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Sugar- Exposing It For What It Is

Breaking Down Sugars Many Names


Found naturally in fruit, fructose is about 70-72% sweeter than glucose, the simple sugar that is our body’s main source of energy. Fructose has a low glycemic index, meaning it barely budges a person’s blood sugar. However, one must beware: Fructose in juice and processed foods goes straight to the liver, and in addition it’s thought to be a major contributor to certain metabolic syndromes, a collection of problems that can put a person on the path toward obesity, diabetes, heart disease or stroke.


This is just a more distinguished name for table sugar, ultimately distilled from sugar cane or beets. It’s actually has a 50-50 combo of two simpler sugars, fructose and glucose. Much like all sugars, it has about 16 calories per teaspoon. It raises blood sugar faster than straight fructose because it’s easier to digest.

High-fructose corn syrup

HFCS has about 55% fructose and 45% glucose. No better and no worse as far as the chemical makeup of HFCS. The trouble however, says UC San Francisco’s Dr. Robert Lustig, is that HFCS is cheap and easy to make — which is why it shows up in so many foods and is used in such excess.


Like HFCS, honey has more fructose than glucose, although the exact balance depends on the many flower sources in which it ultimately comes from. Research suggests that honey creates a different hormonal response than table sugar or HFCS and may not be as fattening.

Agave syrup

Often thought of as a safe, natural alternative to table sugar, the syrup from the agave plant is up to 90% fructose — far more than even so-called “high-fructose” corn syrup, which gives it a very desirably low glycemic index.

Where Sugars Hide Out?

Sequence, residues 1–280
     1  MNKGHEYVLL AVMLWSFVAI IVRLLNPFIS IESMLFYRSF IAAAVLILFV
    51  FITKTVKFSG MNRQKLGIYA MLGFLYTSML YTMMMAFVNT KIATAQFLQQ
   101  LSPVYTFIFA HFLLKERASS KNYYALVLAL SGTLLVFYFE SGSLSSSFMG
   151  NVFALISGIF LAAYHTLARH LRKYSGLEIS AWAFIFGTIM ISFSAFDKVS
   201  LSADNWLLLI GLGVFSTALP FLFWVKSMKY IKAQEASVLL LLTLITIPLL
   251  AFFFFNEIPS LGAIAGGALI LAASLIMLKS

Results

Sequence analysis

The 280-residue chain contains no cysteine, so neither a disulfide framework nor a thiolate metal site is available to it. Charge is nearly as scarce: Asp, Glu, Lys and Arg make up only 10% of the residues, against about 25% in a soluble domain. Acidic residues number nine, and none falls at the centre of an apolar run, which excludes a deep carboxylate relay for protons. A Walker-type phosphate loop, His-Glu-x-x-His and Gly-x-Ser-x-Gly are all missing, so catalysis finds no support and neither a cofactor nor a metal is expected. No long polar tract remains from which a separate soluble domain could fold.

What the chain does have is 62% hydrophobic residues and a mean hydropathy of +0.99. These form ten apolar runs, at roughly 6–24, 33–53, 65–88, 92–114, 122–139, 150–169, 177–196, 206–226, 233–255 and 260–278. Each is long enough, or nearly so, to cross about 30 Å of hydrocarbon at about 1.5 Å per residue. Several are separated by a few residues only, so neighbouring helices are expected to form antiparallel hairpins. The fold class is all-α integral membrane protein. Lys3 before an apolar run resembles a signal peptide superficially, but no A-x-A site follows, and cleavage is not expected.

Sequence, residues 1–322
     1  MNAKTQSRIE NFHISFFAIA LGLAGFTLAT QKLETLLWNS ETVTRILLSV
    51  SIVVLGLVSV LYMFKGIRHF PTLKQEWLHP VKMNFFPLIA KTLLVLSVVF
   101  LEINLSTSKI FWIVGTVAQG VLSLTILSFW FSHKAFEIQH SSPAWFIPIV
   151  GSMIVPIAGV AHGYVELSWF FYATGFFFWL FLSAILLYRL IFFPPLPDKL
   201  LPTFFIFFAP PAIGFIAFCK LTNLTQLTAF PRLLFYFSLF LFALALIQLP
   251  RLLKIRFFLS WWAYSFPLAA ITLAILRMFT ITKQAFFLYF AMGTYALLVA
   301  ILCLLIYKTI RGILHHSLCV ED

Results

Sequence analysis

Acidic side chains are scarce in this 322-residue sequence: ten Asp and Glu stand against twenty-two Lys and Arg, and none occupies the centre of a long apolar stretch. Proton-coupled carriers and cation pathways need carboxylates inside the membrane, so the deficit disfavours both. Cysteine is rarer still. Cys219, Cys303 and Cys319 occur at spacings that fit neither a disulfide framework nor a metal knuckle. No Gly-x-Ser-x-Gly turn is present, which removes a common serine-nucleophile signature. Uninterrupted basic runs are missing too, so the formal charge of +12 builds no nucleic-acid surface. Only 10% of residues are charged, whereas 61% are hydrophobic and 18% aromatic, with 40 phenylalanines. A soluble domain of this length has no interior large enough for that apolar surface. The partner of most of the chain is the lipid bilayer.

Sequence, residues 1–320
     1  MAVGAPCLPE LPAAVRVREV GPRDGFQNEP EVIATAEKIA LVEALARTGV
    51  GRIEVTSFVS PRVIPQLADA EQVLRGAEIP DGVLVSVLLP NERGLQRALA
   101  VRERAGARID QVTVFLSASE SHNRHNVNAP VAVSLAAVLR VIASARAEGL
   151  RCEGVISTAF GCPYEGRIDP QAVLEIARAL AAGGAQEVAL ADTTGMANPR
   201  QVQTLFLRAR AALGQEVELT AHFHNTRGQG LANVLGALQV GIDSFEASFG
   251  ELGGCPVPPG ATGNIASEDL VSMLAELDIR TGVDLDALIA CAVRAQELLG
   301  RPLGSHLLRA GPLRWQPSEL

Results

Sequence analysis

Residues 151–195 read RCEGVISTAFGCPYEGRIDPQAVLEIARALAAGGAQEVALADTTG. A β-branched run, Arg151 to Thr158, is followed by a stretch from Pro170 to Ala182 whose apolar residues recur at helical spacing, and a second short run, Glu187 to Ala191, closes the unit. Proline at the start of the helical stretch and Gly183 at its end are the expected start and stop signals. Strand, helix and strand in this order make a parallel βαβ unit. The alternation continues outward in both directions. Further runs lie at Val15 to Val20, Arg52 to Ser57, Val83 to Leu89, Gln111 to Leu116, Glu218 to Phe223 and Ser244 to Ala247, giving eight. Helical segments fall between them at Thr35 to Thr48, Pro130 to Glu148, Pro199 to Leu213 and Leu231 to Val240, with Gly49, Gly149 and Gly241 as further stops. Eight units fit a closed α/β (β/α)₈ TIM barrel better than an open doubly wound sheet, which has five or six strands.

Dr. Chauncey Crandall, editor of NewsMax’s Heart Health Letter, says he doesn’t worry all that much about sugars naturally found in whole fruits and vegetables simply because they come with a healthy dose of fiber and of course occur naturally. He goes on to say that we have to be careful to introduce sugars into our bodies that do not occur naturally within the given foods that we consume on a daily basis. In his view, it’s pretty much impossible to overdose on sweet fruits and vegetables as long as they are natural and unprocessed.

But 99% of food labels don’t always list added sugars. So how much is hiding in your food? Here are some estimates:

Serving: 1 tablespoon
2/3 teaspoon sugar

Corn flakes
Serving: 1 cup
1/3 teaspoon sugar

Peanut butter
Serving: 2 tablespoons
1/4 teaspoon sugar

Serving: 1 plain bagel
1 1/4 teaspoons sugar

Sweetened applesauce
Serving: 1 cup
4 teaspoons sugar

Fruit-flavored yogurt
Serving: 6 ounces About
5 teaspoons sugar

Peaches in heavy syrup
Serving: 1 cup 9 teaspoons sugar

Serving: 12-ounce can
10 teaspoons sugar

Teriyaki sauce
Serving: 1 tablespoon
1 1/2 teaspoons sugar

Teriyaki sauce
Serving: 1 tablespoon
1 1/2 teaspoons sugar

Source: USDA Database for Added Sugar Content of Selected Foods 2006; Kikkoman Corp., Nabisco, Welch’s, Torani

Photo Credits: Ketchup: Robyn Lee; Corn Flakes: Healing Dream; Peanut Butter: PiccoloNamek; Bagel: Public Domain; Applesauce: dbenLenn; Yogurt: Public Domain; Peaches in Syrup: Public Domain; Cola: Rawich; Teriyaki Sauce: Number55; Graham Crackers: Public Domain

Thank you for reading todays blog post.

To Your Heart Health,

Dr. Chauncey W. Crandall MD FACC

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